What Is Nissan Getting From the UK to Continue Sunderland Manufacturing?
It has just been announced that Nissan is building new SUV models in the UK. While that’s great for the British economy and its employees, we have to ask ourselves why this is happening, and what strings are attached.
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Before Nissan announced this next move for its Sunderland Plant, it (and the Japanese government) seemed to be implying that Nissan would not want to invest in the UK’s uncertain future, and additional tariffs that could be applied to British exports to Europe would force Nissan to move its manufacturing facility. That would leave thousand of Britons unemployed. The head of Renault-Nissan, Carlos Ghosn, took the threat one step further last month when he said at the Paris Motor Show that the UK would need to compensate Nissan for the possible additional tariffs, and the brand would not just take a shot in the dark until Brexit negotiations were more solidified.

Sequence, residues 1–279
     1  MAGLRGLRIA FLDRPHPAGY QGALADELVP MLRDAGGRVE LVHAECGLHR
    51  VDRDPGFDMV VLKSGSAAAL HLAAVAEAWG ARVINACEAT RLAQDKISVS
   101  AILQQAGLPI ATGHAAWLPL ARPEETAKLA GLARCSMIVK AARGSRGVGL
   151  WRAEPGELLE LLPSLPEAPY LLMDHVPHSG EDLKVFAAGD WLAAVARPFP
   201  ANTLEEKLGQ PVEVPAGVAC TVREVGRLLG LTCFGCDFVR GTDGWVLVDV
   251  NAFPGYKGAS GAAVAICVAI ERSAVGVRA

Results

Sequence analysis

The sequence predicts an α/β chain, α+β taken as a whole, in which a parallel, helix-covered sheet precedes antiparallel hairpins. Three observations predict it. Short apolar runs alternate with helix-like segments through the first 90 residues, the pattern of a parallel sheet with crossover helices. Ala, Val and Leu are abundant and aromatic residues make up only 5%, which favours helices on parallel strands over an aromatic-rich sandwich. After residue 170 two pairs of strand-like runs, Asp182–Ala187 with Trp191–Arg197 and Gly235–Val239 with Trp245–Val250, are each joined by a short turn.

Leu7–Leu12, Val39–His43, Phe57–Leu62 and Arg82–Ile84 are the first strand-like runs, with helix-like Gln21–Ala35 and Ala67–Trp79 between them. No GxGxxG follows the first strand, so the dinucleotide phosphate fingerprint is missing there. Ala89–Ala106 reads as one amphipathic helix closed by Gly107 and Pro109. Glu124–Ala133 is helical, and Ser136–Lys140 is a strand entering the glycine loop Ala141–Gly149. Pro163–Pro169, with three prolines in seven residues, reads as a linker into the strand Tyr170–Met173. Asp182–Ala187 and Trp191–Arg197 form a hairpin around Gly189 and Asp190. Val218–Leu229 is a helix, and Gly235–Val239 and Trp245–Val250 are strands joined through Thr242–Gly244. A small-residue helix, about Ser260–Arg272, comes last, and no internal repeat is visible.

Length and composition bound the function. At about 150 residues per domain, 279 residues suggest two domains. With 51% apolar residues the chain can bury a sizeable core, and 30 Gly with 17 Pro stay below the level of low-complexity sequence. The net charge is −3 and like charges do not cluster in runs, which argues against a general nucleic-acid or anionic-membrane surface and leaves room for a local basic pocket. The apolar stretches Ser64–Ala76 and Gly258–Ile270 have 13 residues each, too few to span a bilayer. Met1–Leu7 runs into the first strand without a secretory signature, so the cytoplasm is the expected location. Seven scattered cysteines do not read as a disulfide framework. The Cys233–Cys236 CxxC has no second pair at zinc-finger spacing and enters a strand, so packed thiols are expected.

It seems as if the threats touched a nerve in the British government, as The Guardian has reported that it is now courting Nissan and discussing Brexit negotiations daily with company leadership. This might not sound like a big deal to American observers, but it is actually a huge concession, considering that the majority of Brexit negations are being kept secret from Parliament and the British public by Prime Minister Theresa May (as reported by The Independent).
Besides an inside look at the Brexit negotiations, there is speculation that Nissan could have been promised reimbursement for tariffs that could be imposed on Nissan exports in a worst case scenario for negotiations. This could result in a hefty burden for British taxpayers, which hardly seems sustainable, especially since other automakers and industries might start to demand the same perks. Both Nissan and the UK Government deny the deal, but how can anyone really know that if Brexit negotiations are kept secret?
We have to give Nissan credit for sticking to its guns and getting what it wants to continue its investment in a very sizable facility. As time goes on, we will see if these moves by the British government are enough to keep Nissan from moving facilities to join its European partner, Renault, on the continent.